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Country and Western
Tom Verducci
July 22, 2013
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July 22, 2013

Country And Western


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ON ANY CRISP NIGHT HARD BY McCovey Cove, to watch the Giants and those who follow them is to be reminded of what Mencken said attracted him to San Francisco: "the subtle but unmistakable sense of escape from the United States." Or, as rocker Paul Kantner defined his home city: "49 square miles surrounded by reality."

Giants baseball at AT&T Park is Comic-Con, The Rocky Horror Picture Show, Mardi Gras and Halloween mashed into one. It is performance art not just on the field but also in the stands and the surrounding waters, where simply watching the doughty, dauntless Giants try to win their third title in four years is not an adequate enough experience. The audience participates in the show.

The home schedule is 81 party invitations, each one an opportunity to dress up (or down) to celebrate the diversity and personality that are as evident on the Giants' roster as on Market Street. Starting with Panda hats in 2010 to honor cuddly, corpulent third baseman Pablo (Kung Fu Panda) Sandoval, if not the red rally thong of first baseman Aubrey Huff, Giants fans joyfully have played upon the nicknames and characteristics of their colorful lads: the shoe-polish black beards of closers Brian Wilson and Sergio Romo, the (formerly) long locks of Tim (the Freak) Lincecum, the sobriquets of Brandon (Baby Giraffe) Belt and Angel (Crazy Horse) Pagan, the yin and yang of Zen-inspired Barry Zito and the Jack Torrance intensity of wild-eyed Hunter Pence. Not since The Usual Suspects has an ensemble cast of such quirky characters assembled to such critical praise.

For all the costumes, the hats, the watercraft and the characters, however, it is a humble, self-confessed homebody from Turkey Farm Road in Leesburg, Ga.—an idyll even further removed from the maddening San Francisco crowd than its Carson McCullers--like name implies—who is the Giants' best and most popular player. He's also the one most responsible for making this crazy quilt of a team more than just fun. Buster Posey makes it a winner, a worthy contender for a third trip to the World Series in four years, its miserable July be damned.

Gerald Dempsey Posey III may have a nickname (passed down from his dad), but nothing about it, his manner or his freshly scrubbed looks inspires the least bit of whimsy from the AT&T Park thespians, excepting the teenage girls who shout "Bust-a-pose!" when he comes to bat. Like, whatever. "The juxtaposition of Buster with those guys enhances him," Giants CEO Larry Baer says. "Buster is cut out of all-America land. What we find is the fans like all of them, but Buster is the glue."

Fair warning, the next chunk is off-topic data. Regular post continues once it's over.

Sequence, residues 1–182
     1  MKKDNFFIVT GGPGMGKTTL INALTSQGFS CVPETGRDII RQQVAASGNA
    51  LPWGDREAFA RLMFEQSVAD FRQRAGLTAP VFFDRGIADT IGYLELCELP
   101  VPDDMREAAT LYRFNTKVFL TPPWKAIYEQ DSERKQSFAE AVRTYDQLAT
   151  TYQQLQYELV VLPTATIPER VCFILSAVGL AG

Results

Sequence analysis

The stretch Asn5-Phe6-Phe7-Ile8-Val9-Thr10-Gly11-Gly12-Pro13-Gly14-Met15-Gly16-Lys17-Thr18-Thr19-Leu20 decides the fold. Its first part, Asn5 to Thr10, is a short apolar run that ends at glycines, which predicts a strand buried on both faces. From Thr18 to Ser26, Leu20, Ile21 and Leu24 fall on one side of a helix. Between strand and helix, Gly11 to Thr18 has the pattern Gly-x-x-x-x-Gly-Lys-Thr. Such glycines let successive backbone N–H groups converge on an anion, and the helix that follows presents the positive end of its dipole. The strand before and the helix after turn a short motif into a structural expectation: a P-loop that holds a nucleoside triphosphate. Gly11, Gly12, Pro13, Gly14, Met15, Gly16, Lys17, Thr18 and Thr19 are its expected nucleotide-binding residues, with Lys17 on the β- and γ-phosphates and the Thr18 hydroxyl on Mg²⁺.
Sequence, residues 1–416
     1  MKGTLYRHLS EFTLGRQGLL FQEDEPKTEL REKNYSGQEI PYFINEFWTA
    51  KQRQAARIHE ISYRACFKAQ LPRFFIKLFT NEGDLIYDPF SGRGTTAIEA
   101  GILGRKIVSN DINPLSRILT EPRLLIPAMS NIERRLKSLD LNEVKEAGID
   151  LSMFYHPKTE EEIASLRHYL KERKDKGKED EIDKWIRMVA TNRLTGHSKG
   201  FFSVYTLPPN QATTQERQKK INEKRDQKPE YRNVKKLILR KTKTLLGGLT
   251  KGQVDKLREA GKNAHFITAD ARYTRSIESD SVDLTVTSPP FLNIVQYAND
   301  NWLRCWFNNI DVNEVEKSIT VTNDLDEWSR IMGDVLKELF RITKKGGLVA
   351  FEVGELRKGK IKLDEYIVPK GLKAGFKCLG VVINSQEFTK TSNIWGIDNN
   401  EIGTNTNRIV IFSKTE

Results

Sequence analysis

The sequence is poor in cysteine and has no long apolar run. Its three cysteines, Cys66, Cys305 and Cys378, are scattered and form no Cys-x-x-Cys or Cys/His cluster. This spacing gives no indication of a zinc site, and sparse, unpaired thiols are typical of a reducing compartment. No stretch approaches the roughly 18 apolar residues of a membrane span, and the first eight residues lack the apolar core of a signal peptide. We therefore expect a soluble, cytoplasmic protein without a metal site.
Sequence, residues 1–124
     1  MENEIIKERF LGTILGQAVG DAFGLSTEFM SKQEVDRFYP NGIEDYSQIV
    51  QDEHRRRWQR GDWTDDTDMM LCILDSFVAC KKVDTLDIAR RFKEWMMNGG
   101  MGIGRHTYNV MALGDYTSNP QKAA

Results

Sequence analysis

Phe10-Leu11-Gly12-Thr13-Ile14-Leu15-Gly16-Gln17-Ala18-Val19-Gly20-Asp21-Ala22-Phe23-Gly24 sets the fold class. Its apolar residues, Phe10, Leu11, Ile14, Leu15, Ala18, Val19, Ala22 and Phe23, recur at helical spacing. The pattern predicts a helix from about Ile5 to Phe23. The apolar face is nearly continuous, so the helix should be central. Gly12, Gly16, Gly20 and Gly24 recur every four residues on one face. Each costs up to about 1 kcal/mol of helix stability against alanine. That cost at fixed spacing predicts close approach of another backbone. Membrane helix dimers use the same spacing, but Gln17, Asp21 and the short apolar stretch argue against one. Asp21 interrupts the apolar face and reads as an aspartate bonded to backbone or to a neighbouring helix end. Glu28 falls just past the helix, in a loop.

So homespun stable is Posey that he graduated fourth in his high school class of 302 with a 3.938 GPA, aced AP calculus despite missing two weeks of his senior year to play for the USA Junior Olympic team in Taiwan, was named homecoming king, was a dean's list pre-med student in college, first asked out his future wife while taking the SAT and to this day prefers watching The Bachelorette at home with his wife over trolling San Francisco's many fine dining and drinking establishments. "I don't really get into the city much—just for the games," says Posey, who lives in the East Bay during the season, content with a neighborhood home and a backyard and grill. For the off-season, he has a home 20 minutes from Turkey Farm Road. "I think that's the way I like it, the way my wife likes it and hopefully my kids grow up liking it," he says.

The names of Frank Merriwell, Jack Armstrong and Chip Hilton mean nothing to a young sports fan today. The archetype of the clean-cut fictional athlete has disappeared, along with the attendant genre of American literature, radio and film that once flourished in the 20th century. So when Posey comes along, like something out of antiquity, the genuine earnestness of the guy becomes striking. It's as if we have entered such a Great Recession of humility that we are surprised when we encounter a hunk of it.

"Buster has the ability to understand what's truly important, and he's always had it," Zito says. "Gratitude is an amazingly valuable quality. The opposite is entitlement, and it can become very common with young players. But once you think this game owes you anything, it will kick your ass in two seconds. Buster has too much gratitude to think like that."

Posey, 26, has played in the four previous big league seasons, but in only one full one—last year. His first season of regular duty, 2010, didn't begin until he was summoned from the minors in late May, and the next one ended in late May because of a broken leg and torn ankle ligaments suffered in a gruesome collision at home plate. And yet he is the only player in history to win the Rookie of the Year Award, the Most Valuable Player Award and two World Series titles by the age of 25.

This year he is his usual dependable self, hitting .325 with 13 home runs and 56 RBIs for a Giants team that, thanks to uncharacteristically wobbly pitching, went into the All-Star break 6½ games back in the NL West race. Over the past four seasons, the Giants are a .561 team when Posey is in the starting lineup and a .510 team when he's not—the difference between 91 and 83 wins over 162 games. This year brings more proof that he is among the most indispensable players in baseball, which explains why in March, San Francisco signed him to a groundbreaking nine-year extension worth $167 million. It is the longest contract ever given a catcher and the most money ever given a player with three years or less of service time.

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